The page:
A few years ago, Mike and I made a trip out to Boston and Maine. Although it wasn't a fiscally irresponsible thing to do, it was our second vacation of the year, on top of the facts that lodging in Boston is very expensive and the under-25 rental car fee surcharge is outrageously high. So I appointed myself the Budget Czar of the trip, responsible for cutting costs wherever possible. I found us a studio apartment in Boston with a kitchen so that we could cook dinner (deluxe Kraft Mac 'n Cheese that we brought in our luggage) and tracked down a very cheap, authentic restaurant in Chinatown (as a bonus, the portions were so huge that we got to eat the leftovers for dinner the next night). In Maine, we bought groceries for a picnic lunch in Acadia and stayed in budget-friendly Bass Harbor instead of pricier Bar Harbor. But my most infamous frugality effort of the trip, the one Mike will probably never let me live down, is Oatmeal to Go (a processed breakfast bar made by Quaker).
In theory, I was looking for a portable, non-perishable breakfast option so that we wouldn't have to go out for breakfast. In reality, we ended up eating unpleasantly textured bricks with limited flavor and a dauntingly unpronounceable ingredient list. But because I'm stubborn, instead of sensibly just tossing the things in the trash and going out for Dunkin' Donuts or actual bowls of oatmeal, I insisted that we eat our Oatmeal to Go bars every day. I don't know why Mike didn't "accidentally" nudge me into the Atlantic Ocean. By day 5 of Oatmeal to Go, I deserved it.
Nevertheless, I do love oatmeal, minus the high fructose corn syrup, maltodextrin, glycerin, etc. I microwave bowls of quick oats as a quick lunch or snack, and top them with a bit of brown sugar, maple syrup, nuts, pumpkin pie spice, or a chopped apple. But as much as I like oatmeal in a spoonable form, I decided to try my hand at making a homemade version of Oatmeal to Go as a more portable healthy snack option. The recipe below is for cranberry walnut oatmeal bars, but I've also had delicious results using blueberries and almonds or pecans and cranberries. Feel free to experiment with whatever dried fruit and nuts you like, and let me know if you come up with any additional delicious variations. You can substitute quick oats for the rolled oats for a bar with a more cake-like texture; personally, I prefer the chewiness of the rolled oats.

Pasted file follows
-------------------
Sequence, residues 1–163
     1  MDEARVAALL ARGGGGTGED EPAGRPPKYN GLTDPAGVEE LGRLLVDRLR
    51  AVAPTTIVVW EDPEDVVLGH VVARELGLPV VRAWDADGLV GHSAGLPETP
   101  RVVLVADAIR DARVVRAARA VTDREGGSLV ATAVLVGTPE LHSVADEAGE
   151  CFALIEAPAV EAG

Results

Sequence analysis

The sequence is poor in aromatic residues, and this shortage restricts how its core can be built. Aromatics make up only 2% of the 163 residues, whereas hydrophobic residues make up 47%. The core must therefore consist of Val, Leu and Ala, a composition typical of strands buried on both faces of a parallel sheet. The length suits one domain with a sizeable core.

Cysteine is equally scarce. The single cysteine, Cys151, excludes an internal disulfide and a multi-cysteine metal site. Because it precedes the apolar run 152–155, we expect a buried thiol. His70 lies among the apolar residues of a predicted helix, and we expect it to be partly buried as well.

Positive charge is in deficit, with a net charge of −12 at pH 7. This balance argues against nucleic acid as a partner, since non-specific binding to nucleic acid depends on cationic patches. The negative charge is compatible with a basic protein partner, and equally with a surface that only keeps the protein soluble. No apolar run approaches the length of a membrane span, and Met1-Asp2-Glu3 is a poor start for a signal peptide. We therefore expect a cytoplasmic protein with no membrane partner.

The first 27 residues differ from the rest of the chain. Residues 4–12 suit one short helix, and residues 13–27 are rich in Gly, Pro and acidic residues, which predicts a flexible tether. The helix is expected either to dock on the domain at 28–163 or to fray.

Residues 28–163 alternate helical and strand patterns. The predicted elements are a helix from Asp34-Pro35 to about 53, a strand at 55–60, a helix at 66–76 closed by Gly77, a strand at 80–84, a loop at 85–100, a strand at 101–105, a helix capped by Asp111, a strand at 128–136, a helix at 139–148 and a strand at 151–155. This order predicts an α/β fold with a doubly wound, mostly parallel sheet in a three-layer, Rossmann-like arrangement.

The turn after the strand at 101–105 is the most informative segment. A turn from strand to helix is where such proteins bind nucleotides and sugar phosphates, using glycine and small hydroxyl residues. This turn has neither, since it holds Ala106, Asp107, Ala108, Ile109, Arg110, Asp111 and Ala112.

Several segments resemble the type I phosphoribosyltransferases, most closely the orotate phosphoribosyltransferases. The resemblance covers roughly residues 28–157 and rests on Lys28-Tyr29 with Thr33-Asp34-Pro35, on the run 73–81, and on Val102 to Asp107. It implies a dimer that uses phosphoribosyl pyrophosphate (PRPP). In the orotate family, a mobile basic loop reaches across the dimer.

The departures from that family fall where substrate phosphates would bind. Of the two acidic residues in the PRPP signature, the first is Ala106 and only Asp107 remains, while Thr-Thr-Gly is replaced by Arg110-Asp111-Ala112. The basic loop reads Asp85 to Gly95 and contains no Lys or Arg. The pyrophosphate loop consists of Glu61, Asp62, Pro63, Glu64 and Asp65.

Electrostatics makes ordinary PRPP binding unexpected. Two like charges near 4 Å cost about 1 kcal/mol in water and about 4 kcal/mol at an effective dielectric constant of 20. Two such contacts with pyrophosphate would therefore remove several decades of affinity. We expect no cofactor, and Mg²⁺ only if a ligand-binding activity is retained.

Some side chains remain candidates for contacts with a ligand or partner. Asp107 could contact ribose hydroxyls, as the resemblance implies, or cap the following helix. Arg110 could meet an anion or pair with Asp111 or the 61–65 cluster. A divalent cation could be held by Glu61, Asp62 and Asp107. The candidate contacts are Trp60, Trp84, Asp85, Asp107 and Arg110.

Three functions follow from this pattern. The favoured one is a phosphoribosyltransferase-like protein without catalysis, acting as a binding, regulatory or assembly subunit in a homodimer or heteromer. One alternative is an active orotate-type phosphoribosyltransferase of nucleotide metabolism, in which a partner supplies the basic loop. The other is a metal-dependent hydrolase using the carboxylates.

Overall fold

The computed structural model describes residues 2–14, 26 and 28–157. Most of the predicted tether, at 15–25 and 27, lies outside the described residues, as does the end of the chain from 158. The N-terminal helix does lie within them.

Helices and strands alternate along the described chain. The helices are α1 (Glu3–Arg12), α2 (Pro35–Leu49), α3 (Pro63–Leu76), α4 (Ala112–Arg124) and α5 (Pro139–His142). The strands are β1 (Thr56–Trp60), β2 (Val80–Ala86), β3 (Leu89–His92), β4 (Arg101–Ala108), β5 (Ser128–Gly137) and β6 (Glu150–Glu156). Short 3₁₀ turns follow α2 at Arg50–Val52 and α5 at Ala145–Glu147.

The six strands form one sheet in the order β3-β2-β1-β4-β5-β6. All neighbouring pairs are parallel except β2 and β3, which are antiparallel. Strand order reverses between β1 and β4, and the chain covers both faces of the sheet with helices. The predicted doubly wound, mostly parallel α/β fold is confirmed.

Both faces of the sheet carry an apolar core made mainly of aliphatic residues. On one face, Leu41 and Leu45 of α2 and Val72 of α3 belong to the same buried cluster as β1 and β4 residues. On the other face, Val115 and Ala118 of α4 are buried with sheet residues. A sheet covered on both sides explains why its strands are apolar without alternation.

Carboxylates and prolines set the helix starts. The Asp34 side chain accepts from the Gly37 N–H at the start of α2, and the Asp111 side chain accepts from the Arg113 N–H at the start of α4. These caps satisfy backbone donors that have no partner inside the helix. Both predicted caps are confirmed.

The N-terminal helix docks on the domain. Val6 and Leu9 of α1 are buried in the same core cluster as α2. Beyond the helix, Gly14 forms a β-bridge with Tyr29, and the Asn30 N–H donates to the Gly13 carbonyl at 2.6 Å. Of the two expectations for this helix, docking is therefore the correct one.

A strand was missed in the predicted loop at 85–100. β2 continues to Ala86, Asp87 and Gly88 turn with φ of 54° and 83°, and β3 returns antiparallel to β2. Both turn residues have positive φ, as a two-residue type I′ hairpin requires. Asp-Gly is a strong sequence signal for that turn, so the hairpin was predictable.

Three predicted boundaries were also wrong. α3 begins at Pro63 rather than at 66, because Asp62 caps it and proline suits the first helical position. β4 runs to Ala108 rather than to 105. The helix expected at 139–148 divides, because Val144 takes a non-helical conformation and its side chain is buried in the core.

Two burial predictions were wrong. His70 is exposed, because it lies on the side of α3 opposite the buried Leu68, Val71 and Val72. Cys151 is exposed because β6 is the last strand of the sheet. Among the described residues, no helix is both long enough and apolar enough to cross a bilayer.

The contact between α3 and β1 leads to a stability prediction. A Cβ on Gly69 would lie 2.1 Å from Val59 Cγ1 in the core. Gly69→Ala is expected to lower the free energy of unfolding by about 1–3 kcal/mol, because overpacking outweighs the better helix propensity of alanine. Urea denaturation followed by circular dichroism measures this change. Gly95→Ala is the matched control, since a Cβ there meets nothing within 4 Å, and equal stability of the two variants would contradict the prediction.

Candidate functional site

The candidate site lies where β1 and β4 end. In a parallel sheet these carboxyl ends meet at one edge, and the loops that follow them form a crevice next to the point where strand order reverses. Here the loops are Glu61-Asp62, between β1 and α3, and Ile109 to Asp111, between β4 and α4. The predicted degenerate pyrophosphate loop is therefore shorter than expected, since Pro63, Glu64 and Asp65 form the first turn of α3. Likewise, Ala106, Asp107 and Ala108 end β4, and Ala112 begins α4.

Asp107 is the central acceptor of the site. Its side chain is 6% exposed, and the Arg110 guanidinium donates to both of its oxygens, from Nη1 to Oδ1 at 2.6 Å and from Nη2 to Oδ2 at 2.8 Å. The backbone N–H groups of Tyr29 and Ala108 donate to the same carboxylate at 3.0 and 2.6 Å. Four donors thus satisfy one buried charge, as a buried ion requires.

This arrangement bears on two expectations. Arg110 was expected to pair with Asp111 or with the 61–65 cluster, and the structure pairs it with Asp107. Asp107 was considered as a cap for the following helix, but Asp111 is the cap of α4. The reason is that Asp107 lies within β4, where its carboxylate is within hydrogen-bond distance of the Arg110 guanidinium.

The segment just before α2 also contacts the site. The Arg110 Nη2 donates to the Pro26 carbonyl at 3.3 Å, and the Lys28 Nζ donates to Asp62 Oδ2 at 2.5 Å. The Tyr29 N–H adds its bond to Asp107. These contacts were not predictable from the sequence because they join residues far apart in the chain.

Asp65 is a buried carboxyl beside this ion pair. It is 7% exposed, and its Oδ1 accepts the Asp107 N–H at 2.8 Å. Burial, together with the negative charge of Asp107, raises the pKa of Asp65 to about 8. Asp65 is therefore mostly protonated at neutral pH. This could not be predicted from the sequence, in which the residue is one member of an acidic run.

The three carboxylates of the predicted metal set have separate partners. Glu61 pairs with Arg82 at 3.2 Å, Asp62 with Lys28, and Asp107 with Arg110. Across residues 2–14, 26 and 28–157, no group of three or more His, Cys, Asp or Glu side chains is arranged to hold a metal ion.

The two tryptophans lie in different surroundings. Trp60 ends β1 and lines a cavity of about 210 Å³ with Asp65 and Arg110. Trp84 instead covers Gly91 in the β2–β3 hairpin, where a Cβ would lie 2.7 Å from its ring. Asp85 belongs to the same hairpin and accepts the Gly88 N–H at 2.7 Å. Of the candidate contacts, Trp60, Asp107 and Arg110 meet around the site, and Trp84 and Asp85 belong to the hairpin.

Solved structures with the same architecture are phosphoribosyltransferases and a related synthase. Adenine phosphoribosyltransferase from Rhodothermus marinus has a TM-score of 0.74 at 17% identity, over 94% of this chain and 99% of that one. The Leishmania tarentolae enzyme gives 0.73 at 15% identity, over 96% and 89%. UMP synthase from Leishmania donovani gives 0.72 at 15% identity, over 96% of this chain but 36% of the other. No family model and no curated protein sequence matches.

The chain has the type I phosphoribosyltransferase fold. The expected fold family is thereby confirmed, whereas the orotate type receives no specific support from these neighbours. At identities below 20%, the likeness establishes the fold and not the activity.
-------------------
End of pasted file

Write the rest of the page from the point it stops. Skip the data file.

Full disclosure: since the only sweetness in these bars comes from the dried fruit, these are more on the savory than sweet side. While I enjoy them, Mike (who uses far more sugar on his oatmeal than I do) thinks they're bland.
Adapted from Kath Eats Real Food
Yield: 4 breakfast-sized bars or 8 snack-sized bars
- 1 1/2 cups rolled oats
- 1/4 cup unsalted roasted sunflower seeds
- 1/4 cup walnuts, chopped
- 1/4 cup dried cranberries
- 1/4 teaspoon salt
- 1 teaspoon cinnamon
- 1 egg
- 1 1/4 cup milk
- 1 teaspoon vanilla
Preheat oven to 350 degrees Fahrenheit.
Combine oats, sunflower seeds, walnuts, cranberries, salt, and cinnamon in a medium bowl. Stir in the egg, milk, and vanilla. Pour mixture into an 8 x 8 pan lined with parchment paper or greased. Spread mixture to an even thickness and press down firmly with a spatula.
Bake for 40 minutes, or until bars have set and oatmeal is golden brown. Cool on a wire rack. Cut into bars and store tightly covered in refrigerator. Warm in microwave for 15 seconds before serving.